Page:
Maria Oshodi is a blind writer, theatre director and the founder and artistic director of Extant, the United Kingdom’s leading performing arts company of visually impaired artists.
In 2018, Mobility First! supported her travel from London, United Kingdom to Tokyo, Japan to direct a workshop for visually impaired performing artists by the Nippon Foundation and SLOW Label and to conduct research for Extant’s next touring production inspired by blind travelling musicians and storytellers of medieval Japan.
My name is Maria Oshodi and I worked as a script writer for theatre from 1984-1992. My plays including The S Bend, Blood Sweat and Fears, From Choices to Chocolates, Here Comes A Candle and Hound were produced by national touring companies such as Talawa and Graeae, and later published by Longmans, Methuen and John Murray. I also wrote the screenplay Mug, which was produced by Warner Sisters as a short for Channel 4 Television.
Taking Flight to Japan
In this story, I wish to expound more on the resulting project from my eventful trip to Japan almost 2 years ago. I was awarded a cultural mobility grant by ASEF Mobility First! in 2018 and in October of that year I visited Japan for the first time. Armed with the knowledge and contacts collected from that trip, I soon began production back in the UK on a new touring show called Flight Paths in collaboration with Yellow Earth, the UK’s leading East and Southeast Asian theatre company. Together, the artistic Director Kumiko Mendel of Yellow Earth and I co-directed the multimedia production inspired by the Japanese tradition of Biwa Hoshi and the Goze women who were blind historic story-tellers and musicians who travelled Japan earning their living. Flight Paths tells the story of contemporary blind artists who have travelled from their homelands of four continents, Asia, Africa, Australia and the USA, to forge their careers in the UK.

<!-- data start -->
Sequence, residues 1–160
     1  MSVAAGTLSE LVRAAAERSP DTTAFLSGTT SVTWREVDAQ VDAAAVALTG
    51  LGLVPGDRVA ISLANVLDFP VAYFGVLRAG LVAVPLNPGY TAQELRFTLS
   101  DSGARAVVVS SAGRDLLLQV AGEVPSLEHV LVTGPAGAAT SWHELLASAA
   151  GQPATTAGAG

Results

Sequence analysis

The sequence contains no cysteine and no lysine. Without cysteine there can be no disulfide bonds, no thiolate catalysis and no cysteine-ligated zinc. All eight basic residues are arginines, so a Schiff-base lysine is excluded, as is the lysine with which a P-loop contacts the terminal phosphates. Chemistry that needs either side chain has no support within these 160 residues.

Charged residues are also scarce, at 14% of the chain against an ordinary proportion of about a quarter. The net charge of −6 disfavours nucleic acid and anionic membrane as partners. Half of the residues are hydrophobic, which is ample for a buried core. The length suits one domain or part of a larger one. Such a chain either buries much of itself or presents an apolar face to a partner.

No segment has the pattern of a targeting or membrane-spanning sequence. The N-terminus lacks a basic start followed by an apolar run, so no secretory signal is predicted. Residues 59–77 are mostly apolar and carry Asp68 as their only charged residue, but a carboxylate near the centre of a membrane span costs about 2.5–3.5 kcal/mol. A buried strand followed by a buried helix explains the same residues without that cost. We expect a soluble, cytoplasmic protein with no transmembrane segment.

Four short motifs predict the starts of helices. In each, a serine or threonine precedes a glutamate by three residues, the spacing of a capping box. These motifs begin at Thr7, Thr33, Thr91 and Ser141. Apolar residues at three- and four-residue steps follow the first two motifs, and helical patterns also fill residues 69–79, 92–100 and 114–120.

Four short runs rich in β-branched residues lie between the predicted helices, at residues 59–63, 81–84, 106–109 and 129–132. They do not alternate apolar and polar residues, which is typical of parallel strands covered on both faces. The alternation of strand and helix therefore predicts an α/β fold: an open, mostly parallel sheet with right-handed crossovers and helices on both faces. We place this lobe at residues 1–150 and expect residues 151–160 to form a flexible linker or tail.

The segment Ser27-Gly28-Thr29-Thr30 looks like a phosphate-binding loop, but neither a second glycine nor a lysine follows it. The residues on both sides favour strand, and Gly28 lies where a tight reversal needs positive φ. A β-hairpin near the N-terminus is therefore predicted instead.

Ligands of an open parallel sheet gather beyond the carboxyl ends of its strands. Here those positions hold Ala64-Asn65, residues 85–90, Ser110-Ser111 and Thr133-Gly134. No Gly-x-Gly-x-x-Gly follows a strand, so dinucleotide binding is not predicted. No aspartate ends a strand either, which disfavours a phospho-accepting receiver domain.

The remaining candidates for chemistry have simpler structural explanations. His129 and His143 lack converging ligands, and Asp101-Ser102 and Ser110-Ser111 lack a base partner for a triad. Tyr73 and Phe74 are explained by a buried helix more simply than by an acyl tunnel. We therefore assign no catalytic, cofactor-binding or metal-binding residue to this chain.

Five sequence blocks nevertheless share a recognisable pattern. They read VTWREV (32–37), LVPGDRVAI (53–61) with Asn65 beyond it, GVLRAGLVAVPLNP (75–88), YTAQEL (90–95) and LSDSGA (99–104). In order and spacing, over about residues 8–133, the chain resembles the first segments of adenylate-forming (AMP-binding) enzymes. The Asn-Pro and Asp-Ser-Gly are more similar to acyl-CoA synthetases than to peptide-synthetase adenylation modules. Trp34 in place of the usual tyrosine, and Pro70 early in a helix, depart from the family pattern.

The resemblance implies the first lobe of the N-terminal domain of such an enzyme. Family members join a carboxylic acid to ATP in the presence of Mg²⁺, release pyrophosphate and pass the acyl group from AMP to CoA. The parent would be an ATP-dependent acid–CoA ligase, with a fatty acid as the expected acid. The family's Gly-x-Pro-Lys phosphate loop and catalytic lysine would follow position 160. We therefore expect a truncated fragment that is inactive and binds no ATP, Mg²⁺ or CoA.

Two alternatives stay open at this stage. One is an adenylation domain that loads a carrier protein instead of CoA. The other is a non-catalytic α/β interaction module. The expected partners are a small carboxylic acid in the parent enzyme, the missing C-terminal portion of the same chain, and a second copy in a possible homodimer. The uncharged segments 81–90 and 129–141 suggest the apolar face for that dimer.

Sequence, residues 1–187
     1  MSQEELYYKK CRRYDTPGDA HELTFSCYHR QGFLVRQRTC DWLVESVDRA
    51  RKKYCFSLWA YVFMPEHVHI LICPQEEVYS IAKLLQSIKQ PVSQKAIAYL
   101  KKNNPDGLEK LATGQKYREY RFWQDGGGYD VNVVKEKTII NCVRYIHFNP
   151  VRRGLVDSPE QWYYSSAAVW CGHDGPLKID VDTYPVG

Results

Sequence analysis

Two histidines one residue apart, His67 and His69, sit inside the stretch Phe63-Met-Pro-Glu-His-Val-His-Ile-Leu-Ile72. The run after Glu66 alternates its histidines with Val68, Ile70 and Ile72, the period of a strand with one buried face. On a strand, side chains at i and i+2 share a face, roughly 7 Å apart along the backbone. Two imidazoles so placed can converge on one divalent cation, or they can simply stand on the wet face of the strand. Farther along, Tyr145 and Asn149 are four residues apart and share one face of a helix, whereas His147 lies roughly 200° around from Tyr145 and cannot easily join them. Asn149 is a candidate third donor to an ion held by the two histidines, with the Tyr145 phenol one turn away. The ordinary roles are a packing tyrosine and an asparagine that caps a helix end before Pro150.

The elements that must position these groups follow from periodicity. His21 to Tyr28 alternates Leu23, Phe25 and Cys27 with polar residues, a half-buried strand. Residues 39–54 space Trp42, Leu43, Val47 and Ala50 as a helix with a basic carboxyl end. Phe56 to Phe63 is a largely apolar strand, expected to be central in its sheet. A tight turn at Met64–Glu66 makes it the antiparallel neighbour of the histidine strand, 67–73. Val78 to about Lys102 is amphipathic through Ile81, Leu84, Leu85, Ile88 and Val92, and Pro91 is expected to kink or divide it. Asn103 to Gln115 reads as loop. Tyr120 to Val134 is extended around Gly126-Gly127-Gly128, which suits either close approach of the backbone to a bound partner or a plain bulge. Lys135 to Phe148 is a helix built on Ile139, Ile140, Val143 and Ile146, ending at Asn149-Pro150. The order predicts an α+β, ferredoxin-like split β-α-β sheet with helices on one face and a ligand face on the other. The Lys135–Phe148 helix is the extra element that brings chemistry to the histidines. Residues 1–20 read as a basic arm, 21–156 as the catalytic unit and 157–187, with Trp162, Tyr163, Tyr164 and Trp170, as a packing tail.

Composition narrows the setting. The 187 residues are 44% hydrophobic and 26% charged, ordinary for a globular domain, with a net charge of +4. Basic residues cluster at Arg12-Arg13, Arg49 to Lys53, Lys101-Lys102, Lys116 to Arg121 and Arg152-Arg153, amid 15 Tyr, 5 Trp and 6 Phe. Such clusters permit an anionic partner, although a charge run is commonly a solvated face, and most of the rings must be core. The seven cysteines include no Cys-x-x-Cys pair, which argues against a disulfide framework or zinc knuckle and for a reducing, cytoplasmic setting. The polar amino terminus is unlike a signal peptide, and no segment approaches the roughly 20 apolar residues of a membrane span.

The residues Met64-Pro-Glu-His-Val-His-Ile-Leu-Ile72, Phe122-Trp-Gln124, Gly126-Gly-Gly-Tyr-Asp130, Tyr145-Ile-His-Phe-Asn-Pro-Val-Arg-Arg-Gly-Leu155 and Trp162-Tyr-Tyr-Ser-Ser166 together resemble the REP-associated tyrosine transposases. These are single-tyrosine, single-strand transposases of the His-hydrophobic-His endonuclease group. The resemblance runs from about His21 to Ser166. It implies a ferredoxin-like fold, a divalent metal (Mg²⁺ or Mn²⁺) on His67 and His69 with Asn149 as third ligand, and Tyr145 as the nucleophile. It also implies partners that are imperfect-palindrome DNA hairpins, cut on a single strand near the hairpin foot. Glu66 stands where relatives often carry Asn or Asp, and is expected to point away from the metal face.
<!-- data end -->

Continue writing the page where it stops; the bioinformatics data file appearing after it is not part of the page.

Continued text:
What are some of the most interesting lessons you have learned during your visit?
As the show has a strong Japanese theme that features a blind Japanese artist, Takashi Kakuchi, I wanted to have an opportunity to visit Japan ahead of the production before it went into rehearsals. This was to help me connect more with Japanese culture before taking on the challenge of directing the production and also to make stronger contacts with Japanese disability arts organisations.
So during my trip to Japan I gave a lecture and ran a workshop for some associated artists of SLOW Label in Yokohama. They ranged from circus, dance and visual artists to musicians, and all had an interest in disability art, galvanized by the Director of SLOW Label Kris Hoshi, who was also advisor to the opening ceremony of the Tokyo 2020 Paralympics.
I gave a presentation for Eiko Sasaki who runs Applied Theatre club in Tokyo. This was an interesting and thoughtful gathering of Japanese psychologists, educationalists and arts practitioners, keen on bringing new perspectives to their work.
Over dinner with Miyuki Tanaka, an independent producer and developer of audio description, I learnt that the role of the contemporary artist in Japan is very marginal, with design being much more highly valued. I gained an understanding that to be an ‘artist’ in Japan very much meant doing this as a hobby or along-side another job that could bring in an income. Unless it was the kind of art that was highly commercial, which within Japanese culture is very much influenced by the US market. This chimed with the fact that I learnt that the equivalent of the Arts Council has only just been set up in Japan within the last two years in response to the lead up to Tokyo 2020.
In comparison, England has a rich appreciation and support of the arts, both commercial and subsidised which is perceived as culturally valuable for its own self-expressive, training, engagement, educational and artistic reasons. Though both countries are driven by capitalist market forces, there seems much more emphasis on this in Japan with design and productivity being prized.